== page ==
Right at the top of the last hour of the convention broadcast, when the largest audience was expected, Eastwood gave a rambling, peculiar speech in which he pretended to have a conversation with an empty chair. The chair was apparently supposed to represent Obama. The campaign would have been better served by moving an appealing video about Romney’s life into that hour, the only one covered by network television.
The party did successfully showcase an impressive lineup of women and minorities at a time when Romney is trailing Obama with those voting blocs. Former Secretary of State Condoleezza Rice and New Mexico Gov. Susana Martinez gave rousing speeches, and the campaign started making good on its promise to ramp up its Spanish-language advertising this week, spending nearly $600,000.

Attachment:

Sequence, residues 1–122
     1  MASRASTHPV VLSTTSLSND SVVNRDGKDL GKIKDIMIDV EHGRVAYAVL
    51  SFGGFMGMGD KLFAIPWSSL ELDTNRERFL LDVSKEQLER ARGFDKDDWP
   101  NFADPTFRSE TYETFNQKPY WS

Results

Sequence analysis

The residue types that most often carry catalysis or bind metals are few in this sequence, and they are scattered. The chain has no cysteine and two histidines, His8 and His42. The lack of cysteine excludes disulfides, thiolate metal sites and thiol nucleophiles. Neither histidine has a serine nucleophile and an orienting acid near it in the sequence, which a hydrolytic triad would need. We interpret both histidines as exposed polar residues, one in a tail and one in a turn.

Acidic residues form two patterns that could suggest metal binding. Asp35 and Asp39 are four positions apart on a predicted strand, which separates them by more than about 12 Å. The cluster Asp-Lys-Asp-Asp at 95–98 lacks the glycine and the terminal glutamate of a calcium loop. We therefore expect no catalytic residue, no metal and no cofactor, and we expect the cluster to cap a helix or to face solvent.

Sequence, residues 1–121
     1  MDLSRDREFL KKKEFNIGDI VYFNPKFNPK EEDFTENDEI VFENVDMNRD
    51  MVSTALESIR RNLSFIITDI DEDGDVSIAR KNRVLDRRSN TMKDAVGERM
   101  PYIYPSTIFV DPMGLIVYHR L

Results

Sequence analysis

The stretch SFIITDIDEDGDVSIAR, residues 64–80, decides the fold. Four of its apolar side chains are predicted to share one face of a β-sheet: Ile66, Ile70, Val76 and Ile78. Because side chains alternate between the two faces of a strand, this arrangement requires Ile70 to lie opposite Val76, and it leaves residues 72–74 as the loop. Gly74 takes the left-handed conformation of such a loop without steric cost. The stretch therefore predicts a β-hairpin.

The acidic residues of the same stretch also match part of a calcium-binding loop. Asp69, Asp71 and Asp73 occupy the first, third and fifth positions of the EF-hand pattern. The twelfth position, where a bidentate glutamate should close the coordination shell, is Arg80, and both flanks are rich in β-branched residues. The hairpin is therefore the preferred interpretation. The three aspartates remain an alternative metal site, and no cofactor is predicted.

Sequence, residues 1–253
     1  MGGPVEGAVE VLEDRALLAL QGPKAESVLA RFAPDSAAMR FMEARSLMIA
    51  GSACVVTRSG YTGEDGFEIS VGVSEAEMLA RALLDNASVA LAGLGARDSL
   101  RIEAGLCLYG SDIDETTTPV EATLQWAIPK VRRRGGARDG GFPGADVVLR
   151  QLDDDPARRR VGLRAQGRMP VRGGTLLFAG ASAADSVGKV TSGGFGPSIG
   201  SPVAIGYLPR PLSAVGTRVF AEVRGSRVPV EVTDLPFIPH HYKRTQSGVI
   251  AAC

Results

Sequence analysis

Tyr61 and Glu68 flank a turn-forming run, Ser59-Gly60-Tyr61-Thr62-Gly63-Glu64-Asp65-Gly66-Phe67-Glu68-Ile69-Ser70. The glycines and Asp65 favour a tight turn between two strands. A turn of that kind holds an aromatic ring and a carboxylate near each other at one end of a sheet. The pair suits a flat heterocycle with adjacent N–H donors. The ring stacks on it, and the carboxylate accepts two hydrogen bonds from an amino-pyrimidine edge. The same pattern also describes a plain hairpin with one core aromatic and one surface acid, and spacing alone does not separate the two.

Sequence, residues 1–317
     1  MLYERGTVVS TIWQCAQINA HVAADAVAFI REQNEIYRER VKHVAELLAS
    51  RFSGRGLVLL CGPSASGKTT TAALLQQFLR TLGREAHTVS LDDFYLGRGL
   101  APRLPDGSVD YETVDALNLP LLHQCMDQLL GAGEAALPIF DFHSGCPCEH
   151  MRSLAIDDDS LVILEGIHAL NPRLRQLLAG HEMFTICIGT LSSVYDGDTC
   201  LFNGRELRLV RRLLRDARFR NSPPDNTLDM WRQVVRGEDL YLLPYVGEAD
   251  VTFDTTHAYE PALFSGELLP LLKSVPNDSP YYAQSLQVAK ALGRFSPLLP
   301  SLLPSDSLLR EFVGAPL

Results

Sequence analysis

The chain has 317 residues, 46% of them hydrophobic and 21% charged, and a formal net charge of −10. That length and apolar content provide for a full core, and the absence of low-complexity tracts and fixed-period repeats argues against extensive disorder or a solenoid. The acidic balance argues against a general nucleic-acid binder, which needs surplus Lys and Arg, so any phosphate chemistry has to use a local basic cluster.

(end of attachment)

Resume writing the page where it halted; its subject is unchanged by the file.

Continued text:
But the damage was already done. The Republican platform, written a week earlier, took a hard tack against immigration reform, reflecting Romney’s tough stance on an issue Latino voters care deeply about. Speeches won’t attract them, said Terry Nelson, the political director of Bush’s 2004 reelection campaign. “We have some policy issues that are causing us problems.”
Whether Romney receives a post-convention bump remains unclear. That hasn’t been the case in recent conventions, and he has the additional problem of having had to compete with a hurricane for attention. Even a minor bounce could lift Romney into the lead in key swing states and perhaps national polls -- but that could be wiped out if Obama experiences a similar bounce after Charlotte.
Nelson offered another standard for how to judge the success of the Republican convention: “Two weeks from now, are we talking about the things that Mitt Romney wants to talk about or are we talking about the things Obama wants to talk about?"